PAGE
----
AI Could Worsen Historic Gender Bias
Thu, April 22, 2021

AI Could Worsen Historic Gender Bias

Reports show that women represent only about 22% of all AI professionals across the world / Credits: Pixelbliss via Shutterstock

 

While artificial intelligence has gained success across industries, criticism about it remains. Many experts believe that AI will not only help our society but also disrupt it. But, some agree that this will all boil down to humans. After all, they are the ones feeding data to AI and machine learning systems. The potential for bias came from the underlying data, not from the mathematical model of the algorithm or the software used in AI systems.

One of the dangers of AI is worsening gender bias. Reports show that women represent only about 22% of all AI professionals across the world. Thus, the Women’s Forum for the Economy and Society, a global women’s network, launched the Women and AI Daring Circle. The group is led by Microsoft in collaboration with L’Oreal, Publicis Groupe, and AXA, which aims to develop “concrete steps” to increase the participation and visibility of women in the creation of AI systems and promulgation of research and standards that are accurate, reliable, and nondiscriminatory.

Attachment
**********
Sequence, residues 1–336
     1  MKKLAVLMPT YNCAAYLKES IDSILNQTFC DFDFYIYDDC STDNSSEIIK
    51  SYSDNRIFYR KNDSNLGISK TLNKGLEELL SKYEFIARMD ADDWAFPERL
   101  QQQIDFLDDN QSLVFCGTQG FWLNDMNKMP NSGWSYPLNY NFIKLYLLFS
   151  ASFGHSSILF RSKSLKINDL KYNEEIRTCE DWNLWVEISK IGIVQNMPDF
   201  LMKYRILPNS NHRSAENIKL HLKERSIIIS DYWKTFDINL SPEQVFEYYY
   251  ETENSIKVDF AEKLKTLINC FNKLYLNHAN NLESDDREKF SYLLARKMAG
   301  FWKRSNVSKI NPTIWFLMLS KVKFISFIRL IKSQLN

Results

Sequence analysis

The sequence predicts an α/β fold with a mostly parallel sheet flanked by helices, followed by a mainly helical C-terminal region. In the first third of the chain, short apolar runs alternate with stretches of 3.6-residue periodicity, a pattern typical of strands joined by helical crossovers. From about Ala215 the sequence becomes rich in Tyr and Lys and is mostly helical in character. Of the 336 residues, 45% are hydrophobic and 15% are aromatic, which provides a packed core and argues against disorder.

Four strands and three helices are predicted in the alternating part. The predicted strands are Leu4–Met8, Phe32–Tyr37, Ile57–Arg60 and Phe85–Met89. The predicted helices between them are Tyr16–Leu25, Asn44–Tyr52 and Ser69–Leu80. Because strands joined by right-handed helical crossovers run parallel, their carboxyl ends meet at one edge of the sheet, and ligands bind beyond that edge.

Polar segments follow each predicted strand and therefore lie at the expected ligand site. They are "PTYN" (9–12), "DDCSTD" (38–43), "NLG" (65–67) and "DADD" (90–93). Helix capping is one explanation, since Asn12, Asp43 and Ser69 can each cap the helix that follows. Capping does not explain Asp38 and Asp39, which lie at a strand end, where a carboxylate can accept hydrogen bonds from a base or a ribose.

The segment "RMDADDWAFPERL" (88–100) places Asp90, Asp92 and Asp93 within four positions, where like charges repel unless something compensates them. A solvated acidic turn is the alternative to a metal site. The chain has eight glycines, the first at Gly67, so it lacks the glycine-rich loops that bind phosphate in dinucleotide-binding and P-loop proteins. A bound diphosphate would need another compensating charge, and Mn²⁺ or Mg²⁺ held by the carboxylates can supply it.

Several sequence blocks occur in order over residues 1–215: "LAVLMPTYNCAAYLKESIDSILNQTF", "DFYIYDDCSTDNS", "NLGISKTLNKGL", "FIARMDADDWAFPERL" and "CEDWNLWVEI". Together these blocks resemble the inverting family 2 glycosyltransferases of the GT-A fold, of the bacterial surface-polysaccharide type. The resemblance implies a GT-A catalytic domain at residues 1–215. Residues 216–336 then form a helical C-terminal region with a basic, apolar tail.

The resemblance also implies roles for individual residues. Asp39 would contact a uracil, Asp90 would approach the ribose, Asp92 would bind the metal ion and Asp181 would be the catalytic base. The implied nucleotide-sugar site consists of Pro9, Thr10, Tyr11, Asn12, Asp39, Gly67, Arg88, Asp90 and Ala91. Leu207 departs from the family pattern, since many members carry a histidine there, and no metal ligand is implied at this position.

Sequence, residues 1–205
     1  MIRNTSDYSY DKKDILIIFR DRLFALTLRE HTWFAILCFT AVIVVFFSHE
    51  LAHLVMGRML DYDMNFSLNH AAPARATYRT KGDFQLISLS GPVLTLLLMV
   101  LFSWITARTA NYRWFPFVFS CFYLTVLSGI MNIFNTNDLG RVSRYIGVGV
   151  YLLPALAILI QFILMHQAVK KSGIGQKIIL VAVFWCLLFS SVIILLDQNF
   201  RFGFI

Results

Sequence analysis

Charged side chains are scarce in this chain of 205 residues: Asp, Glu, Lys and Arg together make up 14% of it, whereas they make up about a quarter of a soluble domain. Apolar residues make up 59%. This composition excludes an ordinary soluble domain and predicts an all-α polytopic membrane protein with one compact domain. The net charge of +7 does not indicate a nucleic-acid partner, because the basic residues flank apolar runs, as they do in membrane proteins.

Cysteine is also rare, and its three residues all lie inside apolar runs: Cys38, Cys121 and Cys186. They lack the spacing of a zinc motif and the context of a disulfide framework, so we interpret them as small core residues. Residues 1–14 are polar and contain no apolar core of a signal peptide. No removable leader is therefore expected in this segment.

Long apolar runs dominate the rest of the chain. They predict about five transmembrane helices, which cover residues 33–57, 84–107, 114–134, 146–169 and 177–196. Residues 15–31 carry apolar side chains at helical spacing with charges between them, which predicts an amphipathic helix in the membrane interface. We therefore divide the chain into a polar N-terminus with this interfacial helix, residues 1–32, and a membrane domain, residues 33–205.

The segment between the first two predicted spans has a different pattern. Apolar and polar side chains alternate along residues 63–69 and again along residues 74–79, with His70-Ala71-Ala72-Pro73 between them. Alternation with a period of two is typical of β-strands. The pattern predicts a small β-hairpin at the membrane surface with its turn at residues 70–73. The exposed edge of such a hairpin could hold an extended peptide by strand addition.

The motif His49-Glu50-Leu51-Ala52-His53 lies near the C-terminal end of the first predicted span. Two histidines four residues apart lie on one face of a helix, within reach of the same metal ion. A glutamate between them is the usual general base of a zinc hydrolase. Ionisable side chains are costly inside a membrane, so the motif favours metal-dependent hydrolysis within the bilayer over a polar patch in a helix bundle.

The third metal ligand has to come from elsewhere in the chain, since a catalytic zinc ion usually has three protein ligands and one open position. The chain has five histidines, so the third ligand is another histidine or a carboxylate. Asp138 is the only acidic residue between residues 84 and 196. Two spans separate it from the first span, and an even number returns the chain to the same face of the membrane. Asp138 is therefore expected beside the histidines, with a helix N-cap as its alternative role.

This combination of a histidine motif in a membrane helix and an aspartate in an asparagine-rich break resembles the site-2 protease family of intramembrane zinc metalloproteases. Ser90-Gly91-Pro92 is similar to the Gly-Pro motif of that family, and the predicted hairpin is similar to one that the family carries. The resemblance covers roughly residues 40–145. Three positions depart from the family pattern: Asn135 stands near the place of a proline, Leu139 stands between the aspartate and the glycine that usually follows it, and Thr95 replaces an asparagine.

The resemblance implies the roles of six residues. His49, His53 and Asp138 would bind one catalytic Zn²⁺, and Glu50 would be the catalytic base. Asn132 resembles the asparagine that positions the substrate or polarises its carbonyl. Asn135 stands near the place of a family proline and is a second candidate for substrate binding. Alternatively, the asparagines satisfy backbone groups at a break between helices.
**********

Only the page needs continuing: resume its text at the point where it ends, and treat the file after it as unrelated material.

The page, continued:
According to Forbes, a global media company focusing on business, investing, technology, entrepreneurship, leadership, and lifestyle, the Circle refers to AI as one of the “most disruptive” technological developments of our age. They believe bringing more women into the industry would address several issues AI is facing. “If we can bring more women into the design and the application stages of AI, we have the chance to change rapidly biases that have been built into our society for centuries,” Julia Harrison, the Global Head of Public Affairs Practice at FTI Consulting, said. 

The Circle has already made its first move. It has called upon member organizations to make a one-year commitment to building a gender-inclusive AI ecosystem in their organization. This aims to plan the next steps that public authorities and businesses can take to adopt a “gender-lens” in the development and deployment of AI initiatives and technologies.